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From the Townsend Letter
May 2007


Metabolic Syndrome X – As Defined Through Hair Tissue Mineral Analysis (HTMA) Patterns
by Dr. David L. Watts

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Figure 2 shows the Fast Metabolic Type 1 mineral pattern that is almost the opposite of the Slow Metabolic mineral pattern. Phosphorus is higher than calcium, while sodium and potassium are higher than calcium and magnesium.

Figure 2
Sympathetic Mineral Pattern

Sympathetic Mineral Pattern

Figure 3
Metabolic Characteristics in Population Groups From Various Countries Based Upon HTMA Studies

Country Fast % Slow %
United States


HTMA tests results obtained from over one million individuals in the United States and other countries reveal the occurrence of the two major metabolic categories. The Slow Metabolic category is the predominant HTMA pattern type found in the general population. Figure 3 shows the percentage of occurrence of Slow and Fast Metabolic types in a number of different countries, including the US. The data includes individuals of all ages and both sexes. We can see that, for the US, approximately 25% of the population falls within the Fast Metabolic category, and approximately 75% falls within the Slow Metabolic type category. The other countries also display similar characteristics.

Diabetes Type 1 and Type 2
The pathophysiology of diabetes is complex and poorly understood. However, it is known that the endocrine system, including hormones from the hypothalamus, pituitary, adrenal, thyroid, parathyroid, gonads, vitamin D, and endocrine function of fat cells, are impaired, thereby contributing to the condition (Alrefai, 2002). Type 1 diabetes is characterized by severe insulin deficiency brought about by pancreatic beta-cell damage. Type 1 diabetes was previously termed juvenile-onset diabetes, based upon the age of onset, and accounts for five to ten percent of known cases of diabetes.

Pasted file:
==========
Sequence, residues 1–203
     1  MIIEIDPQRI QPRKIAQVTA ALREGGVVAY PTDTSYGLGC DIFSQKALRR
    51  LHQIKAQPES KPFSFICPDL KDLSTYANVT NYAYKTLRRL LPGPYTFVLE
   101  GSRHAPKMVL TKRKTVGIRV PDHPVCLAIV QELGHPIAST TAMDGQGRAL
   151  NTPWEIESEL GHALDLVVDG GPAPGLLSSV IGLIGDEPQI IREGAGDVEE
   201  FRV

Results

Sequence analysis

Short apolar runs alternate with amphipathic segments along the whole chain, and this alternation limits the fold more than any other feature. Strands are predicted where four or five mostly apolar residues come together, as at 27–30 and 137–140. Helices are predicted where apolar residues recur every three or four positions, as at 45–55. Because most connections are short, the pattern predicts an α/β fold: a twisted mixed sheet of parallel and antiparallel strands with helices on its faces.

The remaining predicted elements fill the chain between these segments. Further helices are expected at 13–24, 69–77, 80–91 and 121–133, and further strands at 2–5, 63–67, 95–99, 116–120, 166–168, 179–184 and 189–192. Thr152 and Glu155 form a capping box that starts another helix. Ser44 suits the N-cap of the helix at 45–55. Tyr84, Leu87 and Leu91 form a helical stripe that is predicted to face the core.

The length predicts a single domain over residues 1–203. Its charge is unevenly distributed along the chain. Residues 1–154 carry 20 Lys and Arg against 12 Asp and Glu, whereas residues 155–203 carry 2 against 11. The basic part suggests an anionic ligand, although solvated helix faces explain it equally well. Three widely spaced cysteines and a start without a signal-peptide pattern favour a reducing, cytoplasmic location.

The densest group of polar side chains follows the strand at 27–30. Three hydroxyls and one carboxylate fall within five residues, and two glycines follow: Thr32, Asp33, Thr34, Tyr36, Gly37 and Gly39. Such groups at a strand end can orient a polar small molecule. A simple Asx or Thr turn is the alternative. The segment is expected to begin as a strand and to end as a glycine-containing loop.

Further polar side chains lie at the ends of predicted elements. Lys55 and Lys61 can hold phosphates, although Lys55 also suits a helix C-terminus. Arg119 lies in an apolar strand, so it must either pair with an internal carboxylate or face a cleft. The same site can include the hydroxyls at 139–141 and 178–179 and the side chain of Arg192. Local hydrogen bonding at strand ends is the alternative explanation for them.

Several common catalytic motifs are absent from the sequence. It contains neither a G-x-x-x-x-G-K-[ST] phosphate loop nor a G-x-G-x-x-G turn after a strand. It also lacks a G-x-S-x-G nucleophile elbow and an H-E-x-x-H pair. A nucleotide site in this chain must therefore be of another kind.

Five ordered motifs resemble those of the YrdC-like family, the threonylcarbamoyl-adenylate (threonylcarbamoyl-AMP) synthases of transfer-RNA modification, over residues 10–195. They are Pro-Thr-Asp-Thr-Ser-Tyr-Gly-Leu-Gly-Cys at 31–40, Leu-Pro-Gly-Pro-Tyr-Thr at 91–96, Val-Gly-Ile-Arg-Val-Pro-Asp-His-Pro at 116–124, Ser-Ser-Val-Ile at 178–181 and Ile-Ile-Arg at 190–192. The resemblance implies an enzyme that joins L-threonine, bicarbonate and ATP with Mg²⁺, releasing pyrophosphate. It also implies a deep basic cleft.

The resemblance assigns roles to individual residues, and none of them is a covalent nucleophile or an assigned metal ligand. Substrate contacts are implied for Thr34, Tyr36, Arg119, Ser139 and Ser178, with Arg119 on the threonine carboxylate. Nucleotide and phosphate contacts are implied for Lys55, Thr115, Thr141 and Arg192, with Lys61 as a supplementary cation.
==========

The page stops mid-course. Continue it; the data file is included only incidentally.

Type 2 diabetes, also known as adult or maturity onset diabetes, is much more common and accounts for 90-95% of all cases. Type 2 diabetes is characterized by peripheral insulin resistance. Insulin resistance is defined as impaired sensitivity to the effects of insulin on whole body glucose utilization (Williams 1994). Eventually, progression of insulin resistance leads to a compensatory hyperinsulinism (Bowman, Russell 2001). Insulin resistance can be acquired as a result of physiological needs, obesity, aging, diseases, and drugs that antagonize the action of insulin. The effect of insulin-stimulating glucose disposal varies extensively among individuals who have diabetes as well as in those who do not have diabetes (Reaven 2005).

Our database reveals that diabetes occurs in both the Fast and Slow metabolic types. We calculated the incidence of individuals diagnosed with diabetes based upon metabolic type and found the incidence to be 65% with a Slow Metabolic pattern and 35% with a Fast Metabolic pattern. Since type 2 diabetes is found in different metabolic types, the mechanisms and therapeutic approach must also be unique.

Neuroendocrine Influence on Mineral Patterns, Body Types
The retention and excretion of nutrients by the body as well as adipose deposition is influenced greatly by the neuroendocrine system. Since mineral patterns can reflect neuroendocrine activity via sympathetic and parasympathetic neuroendocrine
control, HTMA may serve as a tool in recognizing the nutritional and endocrine abnormalities found in many disease conditions.

As early as 1945, Melvin Page described various body types, based upon anthropometric body measurements in conjunction with blood and hormone tests, that he termed andric and gynic patterns (Page 1945). Later, Vague discussed masculine and feminine fat distribution and the relationship to risk of developing diabetes and atherosclerosis (Vague 1956). Both researchers were referring to peripheral (gynic, feminine) and central (andric, masculine) body fat distribution. Their findings